On Tuesday at early dawn they launch their attack: the two parachute battalions via Onderlangs (the low road), the other two battalions along the Utrechtseweg 'Bovenover' (the high road). The action in this narrow corridor between the deep railway cutting on one side and the river on the other side is a signal failure. Along Onderlangs the paratroops initially manage to penetrate to the Oude Haven, but then they are beaten back by a frontal German counter-attack supported by murderous fire from the brick-yard on the opposite bank of the river (Heavy machine guns and 80mm AA guns).

With great difficulty, less than a hundred men succeed to regain their starting point, the Rhine Pavilion. Here they return at 8 a.m. At that time, the attack along the Utrechtseweg has been checked at the narrowest point of the corridor near the Municipal Museum and the offices of the P.G.E.M. (County Electricity Board). For a few hours the South Staffordshires, who form the vanguard, succeed in warding off the thrusts of the selfpropelled guns of the Hohenstaufen Division, but a about noon the Germans break through and repel them to the St. Elisabeth Hospital. There a chaotic situation develops which might well be said to be typical of the Battle of Arnhem.

General Urquhart, whom his troops have been unable to trace or contact since Sunday evening, because he had been cut off en route to Arnhem and had been compelled to seek safety by hiding in a house in this same area in order to avoid being killed or taken prisoner by the Germans, has in the meantime returned to Divisional Headquarters in Hartenstein. Since he realizes that the situation of his division is becoming critical - west of Oosterbeek German pressure is likewise increasing steadily, whilst attempts of the 4th Parachute Brigade to break through the German Sperrlinie near the Johannahoeve, north of the railway line Utrecht-Arnhem, are entirely ineffectual - he has ordered the 11th Battalion to break off fighting on the Utrechtseweg and to retreat to a new, defensive line further west.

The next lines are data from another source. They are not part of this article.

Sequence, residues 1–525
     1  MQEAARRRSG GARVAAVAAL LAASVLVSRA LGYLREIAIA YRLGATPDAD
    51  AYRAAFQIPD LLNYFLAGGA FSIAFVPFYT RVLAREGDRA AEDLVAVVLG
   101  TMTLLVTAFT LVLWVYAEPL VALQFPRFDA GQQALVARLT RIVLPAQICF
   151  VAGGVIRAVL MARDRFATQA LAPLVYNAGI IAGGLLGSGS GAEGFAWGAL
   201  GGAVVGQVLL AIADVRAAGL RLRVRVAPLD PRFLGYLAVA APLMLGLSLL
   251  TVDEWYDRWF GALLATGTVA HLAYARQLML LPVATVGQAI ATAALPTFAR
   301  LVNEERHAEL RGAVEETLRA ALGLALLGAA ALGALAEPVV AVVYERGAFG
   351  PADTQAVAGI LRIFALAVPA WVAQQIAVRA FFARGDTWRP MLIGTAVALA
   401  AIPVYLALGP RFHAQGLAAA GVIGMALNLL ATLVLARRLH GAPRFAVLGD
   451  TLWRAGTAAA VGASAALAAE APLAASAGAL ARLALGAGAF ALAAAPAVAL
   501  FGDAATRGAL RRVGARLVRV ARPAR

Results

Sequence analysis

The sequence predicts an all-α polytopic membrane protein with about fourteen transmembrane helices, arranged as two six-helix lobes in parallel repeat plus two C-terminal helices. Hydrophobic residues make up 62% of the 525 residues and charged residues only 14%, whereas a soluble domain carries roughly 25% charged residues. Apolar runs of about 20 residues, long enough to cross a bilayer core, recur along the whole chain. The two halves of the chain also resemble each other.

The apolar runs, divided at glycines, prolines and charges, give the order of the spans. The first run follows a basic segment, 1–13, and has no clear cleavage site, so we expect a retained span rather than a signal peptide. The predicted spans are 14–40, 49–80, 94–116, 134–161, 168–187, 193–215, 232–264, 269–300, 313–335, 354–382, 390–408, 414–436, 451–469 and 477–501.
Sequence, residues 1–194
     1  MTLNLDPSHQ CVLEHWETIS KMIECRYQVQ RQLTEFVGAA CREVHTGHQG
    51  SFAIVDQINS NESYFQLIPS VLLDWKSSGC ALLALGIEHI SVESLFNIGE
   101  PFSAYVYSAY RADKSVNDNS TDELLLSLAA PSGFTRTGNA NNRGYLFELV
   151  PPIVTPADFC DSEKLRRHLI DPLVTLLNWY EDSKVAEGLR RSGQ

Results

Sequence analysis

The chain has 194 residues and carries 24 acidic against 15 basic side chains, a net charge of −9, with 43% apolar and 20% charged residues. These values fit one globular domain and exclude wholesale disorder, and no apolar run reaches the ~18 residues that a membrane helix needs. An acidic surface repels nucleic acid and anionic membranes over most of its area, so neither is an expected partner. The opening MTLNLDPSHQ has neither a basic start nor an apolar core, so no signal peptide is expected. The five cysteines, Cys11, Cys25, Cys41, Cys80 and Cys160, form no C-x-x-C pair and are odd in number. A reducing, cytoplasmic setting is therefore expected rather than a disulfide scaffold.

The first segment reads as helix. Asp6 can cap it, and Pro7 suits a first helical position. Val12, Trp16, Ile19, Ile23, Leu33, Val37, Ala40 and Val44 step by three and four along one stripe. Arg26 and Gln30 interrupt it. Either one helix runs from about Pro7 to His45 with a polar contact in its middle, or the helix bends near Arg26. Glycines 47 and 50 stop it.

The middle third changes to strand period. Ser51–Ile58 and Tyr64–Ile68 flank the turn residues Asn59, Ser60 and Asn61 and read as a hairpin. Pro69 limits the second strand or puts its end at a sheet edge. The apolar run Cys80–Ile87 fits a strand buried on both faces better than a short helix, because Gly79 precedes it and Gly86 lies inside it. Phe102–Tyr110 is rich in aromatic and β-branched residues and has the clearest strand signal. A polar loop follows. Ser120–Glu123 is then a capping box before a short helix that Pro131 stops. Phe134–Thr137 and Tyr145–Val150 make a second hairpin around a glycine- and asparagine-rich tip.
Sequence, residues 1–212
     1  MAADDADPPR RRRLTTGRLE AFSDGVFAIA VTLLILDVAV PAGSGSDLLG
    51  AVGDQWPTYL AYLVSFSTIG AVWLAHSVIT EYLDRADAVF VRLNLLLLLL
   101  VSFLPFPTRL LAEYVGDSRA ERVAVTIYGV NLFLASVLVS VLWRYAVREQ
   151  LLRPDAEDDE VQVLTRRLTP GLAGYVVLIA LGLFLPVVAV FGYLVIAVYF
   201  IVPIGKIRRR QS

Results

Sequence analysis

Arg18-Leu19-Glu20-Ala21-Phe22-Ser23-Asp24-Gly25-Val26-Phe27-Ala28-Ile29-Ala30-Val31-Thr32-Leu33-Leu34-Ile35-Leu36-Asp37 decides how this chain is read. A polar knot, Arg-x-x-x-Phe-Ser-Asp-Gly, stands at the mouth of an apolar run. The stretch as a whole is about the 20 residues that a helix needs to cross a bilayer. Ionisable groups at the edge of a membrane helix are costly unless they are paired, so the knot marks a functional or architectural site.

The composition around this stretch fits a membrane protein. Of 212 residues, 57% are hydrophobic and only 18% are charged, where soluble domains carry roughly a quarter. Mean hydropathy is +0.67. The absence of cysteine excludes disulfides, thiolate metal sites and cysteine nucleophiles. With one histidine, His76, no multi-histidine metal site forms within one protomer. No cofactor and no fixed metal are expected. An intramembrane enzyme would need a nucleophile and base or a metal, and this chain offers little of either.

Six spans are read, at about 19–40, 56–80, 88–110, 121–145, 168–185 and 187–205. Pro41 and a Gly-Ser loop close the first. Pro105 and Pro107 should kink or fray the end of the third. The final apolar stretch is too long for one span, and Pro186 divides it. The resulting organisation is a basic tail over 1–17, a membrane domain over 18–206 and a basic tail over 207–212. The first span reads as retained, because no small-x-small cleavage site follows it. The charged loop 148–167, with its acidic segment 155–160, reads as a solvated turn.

The battalion starts preparing for this withdrawal, as soon as the commanding officer has dispatched a runner to inform the South Staffordshires; however, they do not receive the message and are still under the impression that they can fall back on the positions of the llth. Battalion, but when they have to give way to the German counter- attack they land up in the middle of a German column ready to march off. In the resulting confusion the british suffer heavy losses. Thus, of the four battalions wich have taken part in the attempted break-through to the bridge,only remnants succeed in falling back to Oosterbeek in the course of the day. To the battalion surrounded near the bridge this means that their only hope of rescue is the advent of the second army.

ALL WOUNDED RECEIVE EQUAL TREATMENT

During the battle, The St. Elisabeth Hospital, was used by British as well as German army doctors assisted by Dutch medical personel, to take care of the wounded on both sites. The civilian patients were evacuated by the Germans. During the battle there also has been a truce, in order to evacuate the dead and wounded on both sites.